Updated as noted below
The ABA has provided a ton of data on law school job placement and I've tried to summarize it here - comparing the placement rate ranking with the U.S. News ranking, and providing actual placement numbers. The numbers set out here represent the percentage of graduates in the class of 2015 who found full-time long term positions (JD required or where a JD was an advantage) within nine months after graduation. This is the number many ranking organizations use, though I recognize that there are other ways to slice the data. As I note below, I have excluded law school funded positions.
This ranking uses the freshest data currently available and - compared to what you can find for pretty much any other discipline outside of law - a pretty damn good data set. We only wish business schools and other similar programs would give this sort of guidance to applicants.
I think a big takeaway is that the US News ranking doesn't actually predict how well graduates of a given school will do on the job market. One conclusion from this data is that any school recruiting solid students (as opposed to students who probably don't belong in law school) can deliver those students good job outcomes if it trains them well and provides good support from bar prep through career planning. (It helps to be in a region with jobs or a region that is not a net importer of law grads.)
It's also worth pointing out that this chart suffers from an infirmity it shares with US News: it tends to over-state the gaps between law schools. Another way to read this chart is to think in clumps - schools in the +/- 85% placement range; those in the +/- 75% placement range; etc. But I do think there may be real differences between schools with 80% rates and those with 65% rates.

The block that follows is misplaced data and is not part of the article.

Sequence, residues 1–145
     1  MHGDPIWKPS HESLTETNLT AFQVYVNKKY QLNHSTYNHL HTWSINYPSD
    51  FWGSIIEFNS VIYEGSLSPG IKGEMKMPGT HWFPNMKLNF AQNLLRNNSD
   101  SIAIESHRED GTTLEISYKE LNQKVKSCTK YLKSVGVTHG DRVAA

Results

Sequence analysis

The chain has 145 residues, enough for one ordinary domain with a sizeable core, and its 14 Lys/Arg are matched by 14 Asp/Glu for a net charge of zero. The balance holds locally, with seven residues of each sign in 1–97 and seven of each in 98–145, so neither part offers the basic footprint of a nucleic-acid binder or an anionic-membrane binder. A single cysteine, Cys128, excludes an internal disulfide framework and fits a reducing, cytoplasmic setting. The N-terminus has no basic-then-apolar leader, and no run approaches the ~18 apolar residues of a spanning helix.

This ranking doesn't get at salaries - though, having looked at the data, I have a strong sense that there are really only about 15 schools where more than 33% of the graduating class scores a large firm job. US News is actually pretty good at this element of ranking: if you want a big firm job, the US News top 15-20 is a reasonably good guide. But US News ceases to be very predictive of large firm placement after that point. This list also has anomalies: Yale is #20, but that probably has more to do with the choices that students made rather than the options they encountered. And Georgetown? My theory is that their career strategies office is good for students seeking big firms, but has work to do with the other 63% of the class.
The schools with the biggest gaps between this ranking and US News? Figure that out for yourself - there are some whoppers!
Update: I've decided that it would be more accurate and useful to round placement results to the nearest whole number and describe virtual ties as ties. As I discuss above, my goal is to provide information without overstating gaps between schools. Schools that are tied are listed in order of their precise rank. With this change, Yale is now #18. In this analysis, I excluded law school funded positions - consistent with US News - in large part because it is impossible to determine how many of these graduates would have been able to secure long-term full-time employment in the absence of law school assistance.
Update 2: A kind reader has alerted me to at least one error - the numbers provided to the ABA by South Texas on their form are inconsistent with the numbers set out in the ABA spread sheet. I am not going to change anything yet, but I hope that over the next day or two, I can identify any other conflicts between the forms and the spreadsheet. If there is an error or two, I can fix that easily. If problems are more pervasive, I'll pull and rework it entirely. For now, please note that based on the employment form submitted to the ABA, South Texas seems to have a 62% placement rate, rather than a 54% rate, which puts it at 152 rather than 172.
Update 3, Nov. 30, 12:30 pm: I have adjusted the chart to reflect what I expect are accurate numbers. As I discuss in this post, there are discrepancies between data reported by the ABA in individual school summaries and in the overall compilation spread sheet. This list reflects the numbers reported by schools in their individual school summaries. These changes shifted the rankings a bit. I have inserted asterisks after schools whose ranking changed after switching to the data provided on the individual school summary. In a later post, I will detail the changes. I believe the numbers are now as accurate as I can make them.
So without further ado: